News / Africa

As Al Shabab Looms, Somali Government Running Out of Time

AMISOM commander, Major General Natham Mugisha (R) shakes hands with a commander from the Transitional Federal Government army a day after heavy fighting against the Al Shabaab insurgents in the Sigaale District of Mogadishu, 15 Dec 2010
AMISOM commander, Major General Natham Mugisha (R) shakes hands with a commander from the Transitional Federal Government army a day after heavy fighting against the Al Shabaab insurgents in the Sigaale District of Mogadishu, 15 Dec 2010
Michael Onyiego

It has been another violent year in Somalia with al-Qaida-linked al-Shabab militants establishing itself as a terrorist group that can strike beyond Somali borders.  The U.N.-backed Transitional Federal Government, mired in its own internal problems, is still relying on African Union peacekeepers to keep insurgents from toppling the government and showing little sign that it will be able to establish a functioning administration before its mandate ends next August.

History in the world's most dangerous city seems to have ground to a halt. Since 1991, violence and warfare have become a fact of daily life on the Mogadishu streets, with one conflict blending into the next since the overthrow of Mohamed Siad Barre.

But since 2007, a new and more radical threat has confronted Somalia's fragile transitional government, threatening to overhaul southern Somalia and establish a harsh theocracy on the Horn of Africa.

Al Shabab (also known as "The Youth") entered the war-torn Somali scene in 2007 shortly after the Ethiopian Invasion. A successor to the Islamic Court's Union, the al Qaida-linked group has been battling the government to impose Sharia law in the country.

Somalia has never been short of armed insurgents, but 2010 saw Shabab develop into something more ominous. Over the course of the year, al Shabab seized most of southern and central Somalia. Despite the presence of the joint African Union and U.N. peacekeeping force AMISOM, the transitional government struggled to maintain its grip over the capital.

Al Shabab then seized world attention in July when it carried out twin suicide attacks in Kampala, Uganda killing 76 while they watched the final match of the World Cup. The blasts were carried out in retaliation for Ugandan troop presence in the AMISOM mission.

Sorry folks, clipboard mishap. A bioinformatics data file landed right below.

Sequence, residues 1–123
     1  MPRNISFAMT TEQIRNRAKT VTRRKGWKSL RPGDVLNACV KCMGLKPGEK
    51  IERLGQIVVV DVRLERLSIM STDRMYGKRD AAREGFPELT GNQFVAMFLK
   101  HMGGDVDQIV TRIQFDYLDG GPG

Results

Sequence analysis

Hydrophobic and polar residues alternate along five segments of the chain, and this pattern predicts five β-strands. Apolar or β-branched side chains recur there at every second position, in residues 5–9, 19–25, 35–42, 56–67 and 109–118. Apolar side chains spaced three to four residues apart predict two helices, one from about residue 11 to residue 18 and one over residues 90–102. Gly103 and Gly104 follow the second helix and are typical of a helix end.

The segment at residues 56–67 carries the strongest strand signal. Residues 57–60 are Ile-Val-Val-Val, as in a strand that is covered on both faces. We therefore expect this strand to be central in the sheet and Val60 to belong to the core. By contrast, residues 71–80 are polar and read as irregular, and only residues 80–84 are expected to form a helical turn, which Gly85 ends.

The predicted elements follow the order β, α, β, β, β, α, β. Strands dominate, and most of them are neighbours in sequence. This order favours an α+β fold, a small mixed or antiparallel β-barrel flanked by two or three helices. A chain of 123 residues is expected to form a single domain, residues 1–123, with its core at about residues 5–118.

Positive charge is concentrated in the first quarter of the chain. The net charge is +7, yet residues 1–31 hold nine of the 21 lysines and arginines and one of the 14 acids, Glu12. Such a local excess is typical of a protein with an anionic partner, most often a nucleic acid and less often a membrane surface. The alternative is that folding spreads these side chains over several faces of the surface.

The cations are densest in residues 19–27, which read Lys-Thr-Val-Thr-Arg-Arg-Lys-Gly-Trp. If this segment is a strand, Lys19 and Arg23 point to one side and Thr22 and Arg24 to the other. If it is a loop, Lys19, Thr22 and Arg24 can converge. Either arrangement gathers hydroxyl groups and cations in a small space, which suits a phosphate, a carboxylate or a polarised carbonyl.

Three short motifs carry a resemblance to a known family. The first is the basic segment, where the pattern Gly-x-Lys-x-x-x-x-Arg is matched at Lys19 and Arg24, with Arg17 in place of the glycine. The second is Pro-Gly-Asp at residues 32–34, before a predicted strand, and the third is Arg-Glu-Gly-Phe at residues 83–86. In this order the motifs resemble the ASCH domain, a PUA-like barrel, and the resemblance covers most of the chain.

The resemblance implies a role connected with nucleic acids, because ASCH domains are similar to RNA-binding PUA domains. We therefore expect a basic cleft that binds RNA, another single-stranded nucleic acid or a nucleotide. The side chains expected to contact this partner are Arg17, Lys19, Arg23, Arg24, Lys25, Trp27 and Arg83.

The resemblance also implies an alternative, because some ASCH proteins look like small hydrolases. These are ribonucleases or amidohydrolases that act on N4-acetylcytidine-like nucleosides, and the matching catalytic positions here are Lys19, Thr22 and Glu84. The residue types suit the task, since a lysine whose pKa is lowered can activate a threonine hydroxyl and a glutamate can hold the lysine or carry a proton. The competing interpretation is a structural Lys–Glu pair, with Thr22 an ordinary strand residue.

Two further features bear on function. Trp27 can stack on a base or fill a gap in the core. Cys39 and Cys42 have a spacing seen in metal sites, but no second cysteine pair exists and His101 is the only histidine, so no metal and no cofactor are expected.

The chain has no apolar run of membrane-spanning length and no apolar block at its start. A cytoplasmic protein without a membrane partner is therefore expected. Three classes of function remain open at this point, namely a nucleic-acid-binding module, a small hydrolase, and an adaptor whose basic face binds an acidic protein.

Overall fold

International Crisis Group analyst Rashid Abdi warns that al Shabab, once viewed merely as a regional threat, has become an international player.

"We are talking of an organization that has come of age," said Abdi.  "It is no longer an appendage of al-Qaida, it is now a clone probably which is much more serious and has the ambition to globalize the jihad and has the footsoldiers to do it."

Emboldened by their actions in Kampala, al Shabab launched its Ramadan Offensive, vowing to oust the fractured Somali government from Mogadishu by early September.

One month of bloody fighting ensued, leaving hundreds dead. But miraculously, being pushed back, the AMISOM and Government troops were able to repel the rebel advances and pick up territory of their own.

The gains were highly-touted as a step towards the end of al Shabab, but the celebration was short-lived. Violence has again picked up in Mogadishu, and a string of battles over the past few weeks have left more than 100 dead.

The commitment of the International Community has never wavered in the face of growing violence. In fact, the resolve to defeat Shabab has strengthened since Kampala. On December 22 the United Nation's approved an AMISOM troop increase from 8,000 to 12,000 and Uganda has in recent months promised to bring the number to 20,000 with international funding.

But Crisis Group's Rashid Abdi warns that a military victory in Somalia would be fleeting. Underlying the problem of al Shabab is the weak, U.N.-backed government facing it.

"There is no doubt that there isn't a military solution to this problem," added Abdi.  "A temporary victory over al Shabab is feasible. But that creates a problem by itself because - at the moment - the government has no capacity to hold the territory which AMISOM will help it gain."

A large part of the problem in Somalia is the Transitional Federal Government's inability to eliminate al Shabab and impose order. Established in 2004, the government has been wracked by near constant infighting and corruption.

But a glimmer of hope has recently emerged. In October, President Sharif appointed American citizen Mohamed Abdullahi Mohamed as Prime Minister. Unknown to Somalia at the time, the appointment was criticized by local leaders.

But Mohamed's insistence on experience rather than clan affiliation and his appointment of a lean, technocrat heavy cabinet has garnered praise and raised some expectations.   Despite the hopes, the new Prime Minister has only months to do what some believe impossible: oust al Shabab, deliver a constitution and hold national elections before the TFG mandate expires in August.

"The unanswered question is: are they really serious - the donors - about having a permanent government come August and how in the world are they going to do it," said U.S.-based Somalia Observer at Purdue University, Michael Weinstein.  "How does this new government fit into that? You would have to have an extended mandate for this government to be able to actually see if it can accomplish anything."

Only time will tell if the current Somali government gets another chance to bring peace to Somalia, but one thing is clear: al Shabab will be waiting for whichever government turns up in 2011.

You May Like